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CHECKING REFERENCES
How to Read Between the Lines

By Alan Darling

-Originally published in Your Company Magazine (now Fortune Small Business).

Many employers believe checking the references of job candidates is a waste of time. The reason: Previous supervisors given as references often withhold negative information, fearing lawsuits. But if you treat the calls as interviews, you may be able to get a much clearer picture

DON'T SAVE THEM FOR LAST
Do reference checks as soon as you're down to your last two or three candidates. If you wait too long, the process becomes simply a formality before hiring.

WARM THEM UP
When contacting prior employers, "don't announce, 'This is a reference check,' and then ask questions, bang, bang, bang," says Kimball Shaw, of Kimball Shaw Associates, an executive-search firm in Hingham, Massachusetts. "Chat about the job you have open, ask how they know the applicant, and ask a few questions about their companies."

If you hope to make an offer to the candidate should the references be positive, or if the individual is one of your top choices, say so. It will stress the importance of the information you're trying to elicit.

TARGET YOUR QUESTIONS
Ask specific questions. "What's she like when she's made a mistake and has to correct it?" and "How does she act when someone senior to her is wrong and won't give in?" are better than, "What's she like?" Toward the end of the conversation, ask about weak points, but not directly. Instead, ask whether the former employer would hire the person again. Or say, "It looks like I'm going to make an offer to this woman. In what areas will I have to work extra hard with her to make sure she succeeds?" For a more detailed list of questions that can be used in reference checking, see Questions For Reference Checks at the end of this article.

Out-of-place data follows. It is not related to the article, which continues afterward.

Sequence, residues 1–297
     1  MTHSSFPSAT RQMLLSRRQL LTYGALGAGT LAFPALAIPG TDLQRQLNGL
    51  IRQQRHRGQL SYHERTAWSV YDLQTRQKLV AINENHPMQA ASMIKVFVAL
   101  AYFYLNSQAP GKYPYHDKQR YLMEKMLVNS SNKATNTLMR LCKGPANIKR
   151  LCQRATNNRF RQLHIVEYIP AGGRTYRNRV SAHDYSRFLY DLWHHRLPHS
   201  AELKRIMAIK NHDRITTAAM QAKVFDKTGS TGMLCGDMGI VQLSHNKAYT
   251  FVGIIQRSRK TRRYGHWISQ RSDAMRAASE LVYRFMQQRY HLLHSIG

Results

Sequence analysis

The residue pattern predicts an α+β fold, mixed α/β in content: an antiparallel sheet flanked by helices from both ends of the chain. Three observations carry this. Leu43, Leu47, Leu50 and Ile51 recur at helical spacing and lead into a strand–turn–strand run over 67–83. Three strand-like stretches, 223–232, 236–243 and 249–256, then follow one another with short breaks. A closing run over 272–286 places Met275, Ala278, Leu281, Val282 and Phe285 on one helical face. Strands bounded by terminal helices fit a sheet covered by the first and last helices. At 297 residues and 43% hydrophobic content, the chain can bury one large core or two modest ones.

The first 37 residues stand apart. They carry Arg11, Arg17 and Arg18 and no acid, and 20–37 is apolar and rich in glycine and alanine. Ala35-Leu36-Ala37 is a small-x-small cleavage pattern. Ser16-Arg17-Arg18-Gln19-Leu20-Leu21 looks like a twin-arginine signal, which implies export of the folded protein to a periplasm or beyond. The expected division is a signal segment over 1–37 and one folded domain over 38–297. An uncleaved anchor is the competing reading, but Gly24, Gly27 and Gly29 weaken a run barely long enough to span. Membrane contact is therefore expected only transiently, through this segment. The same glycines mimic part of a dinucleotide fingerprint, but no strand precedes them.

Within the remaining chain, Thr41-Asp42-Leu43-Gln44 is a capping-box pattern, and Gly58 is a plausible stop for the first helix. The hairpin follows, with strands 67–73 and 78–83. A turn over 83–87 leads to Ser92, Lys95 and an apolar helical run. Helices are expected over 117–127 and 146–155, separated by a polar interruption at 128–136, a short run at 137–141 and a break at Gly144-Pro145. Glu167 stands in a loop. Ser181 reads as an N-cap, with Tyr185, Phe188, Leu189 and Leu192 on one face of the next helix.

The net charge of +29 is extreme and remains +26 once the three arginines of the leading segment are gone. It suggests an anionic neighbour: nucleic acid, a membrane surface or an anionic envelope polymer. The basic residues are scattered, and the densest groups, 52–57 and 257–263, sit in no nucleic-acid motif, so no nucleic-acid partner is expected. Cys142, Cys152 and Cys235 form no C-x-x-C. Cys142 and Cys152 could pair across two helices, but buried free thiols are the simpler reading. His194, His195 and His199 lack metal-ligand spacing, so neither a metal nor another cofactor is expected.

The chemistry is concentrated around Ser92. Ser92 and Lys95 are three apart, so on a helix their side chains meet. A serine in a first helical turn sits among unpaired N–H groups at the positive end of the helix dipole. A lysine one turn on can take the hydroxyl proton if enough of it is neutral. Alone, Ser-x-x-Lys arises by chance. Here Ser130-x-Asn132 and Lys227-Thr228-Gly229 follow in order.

WHAT THEY DON'T SAY IS CRITICAL
Wilson Kile, a marketing consultant in Plymouth Meeting, Pennsylvania, recommends listening for what references don't say. "If you're verifying what your applicant claimed was a positive situation and you get a hesitant response, watch out," he warns.

ASK FOR SECONDARY REFERENCES
In addition to the names you're given, ask both the prospective employee and his or her initial references for the names of others who can shed light on the candidate. Then call these secondary references and interview them.

Questions for Reference Checks

Remember to set the reference source up properly. Spend a few minutes getting to know the person, and about his contact with the candidate. Then make it clear that you're very interested in this candidate. Try something like, "I've met with him, and I'm very, very interested in him. He's one of two finalists for this position."

Start off with a positive question: "What do you like about him?" or "What did you like about working with her?"

Then ask some leading questions, such as the following:

  • What is he really like?
  • What's he like under pressure?
  • What's he like when he makes a mistake, or when he really screws something up?
  • How has he dealt with it?
  • What kind of things heat her up? (or eat her up?) or What kind of things get her upset?
  • How does she react when she's upset?
  • What's he like when the politics don't go his way?
  • What does he do when a superior - a customer or a boss, for example - is wrong as hell, and really belligerent about it?
  • Don't tell me just the good stuff - I've met with him, and I know he's a good guy.
  • Why do you think he wants to leave?
  • What's the atmosphere like at his current company?
  • If you hired him for this position, where would you work hardest with him to make sure he succeeds?
  • Let's imagine that it's a year from now, and you and I are sitting down and having a beer right now. I hired him a year ago, and it's not working out. What do you think happened?

Add to this a list of your own questions, particularly on the areas where you suspect where the candidate may be weak, and work those in towards the end, after the referee has warmed up to you.

Remember, when you get a general statement, ask for something more specific. For example, "You said he's really good at defusing a situation. Can you give me an example of a time when he did that?"

Copyright 1993 by Alan Darling

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Copyright 1996 to 2017 by Alan Darling Consulting